Another day of not a single word read or written, but I did have a fabulous lunch with lots of family, and made another batch of shahi tukras (a type of South Asian bread pudding. "Shahi" means royal, and "tukras" means pieces.) for all of us for dinner tonight.
"You may be as different as the sun and the moon, but the same blood flows through both your hearts. You need her, as she needs you..." -George R.R. Martin, A Game of Thrones (A Song of Ice and Fire, #1)
I brought this one home from the library just the other day and so it has been lying in my kitchen, being shuffled from counter to counter, until the rain this morning put me in the mood to finally pick it up. . .
The weather in Toronto has been strange this summer. It's hot and humid, muggy, almost monsoon-like. Except I know the heat I so love won't last. Soon enough the leaves will turn fiery, blaze different colours, before dropping away to be scattered by the wind. And then, once the trees are naked, the cold will set in, starting off as just a nip in the air, and then bit by bit, it will get colder and colder and I will respond by piling on the layers, while my kids laugh at how ridiculous I look. .
Then one morning, we will wake to the virgin beauty of the first snow fall, and in my eagerness to put on my running shoes and feel the snow crunch under my feet, I will forget how much I love running in the summer rain. I will, instead, marvel at that pristine layer of white softness lying on branches, decorating ledges, peeking from fence tops, and in the evening when my hubby gets the fire going in our living room, I will sigh contently, with all thoughts of summer completely forgotten, until next spring and the appearance of that first tiny crocus bud in our yard.
“There is only one way to read, which is to browse in libraries and bookshops, picking up books that attract you, reading only those, dropping them when they bore you, skipping the parts that drag-and never, never reading anything because you feel you ought, or because it is part of a trend or a movement. Remember that the book which bores you when you are twenty or thirty will open doors for you when you are forty or fifty-and vise versa. Don’t read a book out of its right time for you. ” ― Doris Lessing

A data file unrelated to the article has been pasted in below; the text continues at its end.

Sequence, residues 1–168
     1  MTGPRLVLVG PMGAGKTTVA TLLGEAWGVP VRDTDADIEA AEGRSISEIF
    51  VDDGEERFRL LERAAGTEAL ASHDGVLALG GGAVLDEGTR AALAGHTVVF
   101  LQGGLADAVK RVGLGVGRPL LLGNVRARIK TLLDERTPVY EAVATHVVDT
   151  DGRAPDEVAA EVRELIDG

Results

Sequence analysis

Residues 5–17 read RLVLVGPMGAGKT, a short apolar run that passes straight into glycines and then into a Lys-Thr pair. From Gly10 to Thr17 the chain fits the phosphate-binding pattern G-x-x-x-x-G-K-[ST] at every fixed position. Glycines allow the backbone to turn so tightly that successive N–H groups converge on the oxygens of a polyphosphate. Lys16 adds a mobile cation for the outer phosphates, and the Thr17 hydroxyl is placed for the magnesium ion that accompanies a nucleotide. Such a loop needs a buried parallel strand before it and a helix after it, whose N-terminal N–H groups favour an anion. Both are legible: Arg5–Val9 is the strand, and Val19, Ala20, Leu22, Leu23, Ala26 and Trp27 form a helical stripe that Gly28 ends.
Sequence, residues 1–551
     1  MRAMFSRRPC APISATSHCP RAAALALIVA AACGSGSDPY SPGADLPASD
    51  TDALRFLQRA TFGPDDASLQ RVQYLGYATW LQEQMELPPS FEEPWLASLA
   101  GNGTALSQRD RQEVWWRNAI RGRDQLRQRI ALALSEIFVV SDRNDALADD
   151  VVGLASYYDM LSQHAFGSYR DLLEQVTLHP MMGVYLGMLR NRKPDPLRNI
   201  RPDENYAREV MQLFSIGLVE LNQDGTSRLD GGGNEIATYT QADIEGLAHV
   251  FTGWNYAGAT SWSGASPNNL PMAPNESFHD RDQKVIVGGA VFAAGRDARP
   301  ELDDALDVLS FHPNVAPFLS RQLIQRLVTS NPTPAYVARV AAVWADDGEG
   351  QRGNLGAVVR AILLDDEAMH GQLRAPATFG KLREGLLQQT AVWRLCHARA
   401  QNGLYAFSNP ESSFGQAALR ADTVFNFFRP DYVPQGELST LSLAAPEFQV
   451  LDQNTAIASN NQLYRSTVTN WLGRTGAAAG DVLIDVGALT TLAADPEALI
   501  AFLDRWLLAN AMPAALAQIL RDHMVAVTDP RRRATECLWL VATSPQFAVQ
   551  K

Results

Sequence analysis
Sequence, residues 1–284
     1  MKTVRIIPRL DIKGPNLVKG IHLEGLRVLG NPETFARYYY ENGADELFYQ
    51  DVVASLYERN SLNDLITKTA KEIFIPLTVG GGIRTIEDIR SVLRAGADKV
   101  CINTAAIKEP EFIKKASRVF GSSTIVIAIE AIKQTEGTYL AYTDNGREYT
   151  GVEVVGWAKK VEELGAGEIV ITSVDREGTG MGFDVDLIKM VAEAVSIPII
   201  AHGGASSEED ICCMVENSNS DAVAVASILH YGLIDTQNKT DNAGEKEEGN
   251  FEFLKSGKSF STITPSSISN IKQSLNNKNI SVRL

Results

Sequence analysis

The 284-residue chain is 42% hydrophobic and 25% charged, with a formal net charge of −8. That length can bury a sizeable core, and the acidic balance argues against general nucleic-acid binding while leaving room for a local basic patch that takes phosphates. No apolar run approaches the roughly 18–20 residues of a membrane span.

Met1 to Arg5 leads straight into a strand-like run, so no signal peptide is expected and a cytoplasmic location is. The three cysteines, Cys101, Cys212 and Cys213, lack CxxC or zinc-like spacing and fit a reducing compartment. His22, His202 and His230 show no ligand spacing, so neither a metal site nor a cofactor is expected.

This is one of my favourite quotes by Lessing. In large part, because I agree with it completely. So I have tried reading Love in the Time of Cholera by Gabriel Garcia Marquez twice and abandoned the project both times, but a week or so back, I borrowed the audiobook from the library, and this time around, I found myself liking the book. Marquez's words conjure such rich images in my brain. The book has become a movie in my mind. .
The last book to do this to me was the English Patient by Michael Ondaatje. The books that appeal to me are the ones that awaken all my senses. Through a writer's words, I like to experience things completely, bringing all of my senses into play; sight, sound, taste, smell, and touch. So far, Ondaatje, Nadeem Aslam, Madeleine Thien, Kim Thuy, and Anthony Marra are some of the writers who move me that way. .
A very dear friend sent me this letter a few days back all the way from Dubai. It's been decades since I last received a letter in the mail and I was amazed and touched to receive this one. She knows that I have been a little down and out the past couple of months and so she calls regularly and now this letter full of love. I am blessed. And I love her so much more for messing up the date because that is exactly the kind of thing I myself would do. "Birds of a feather..."
In conversation with Sukayna Basu Malik for LITZINe
You can read the full interview at https://word bite.com/LITZINe_The_Magazine
@nkhan00001 someone's taken over your side of the bed!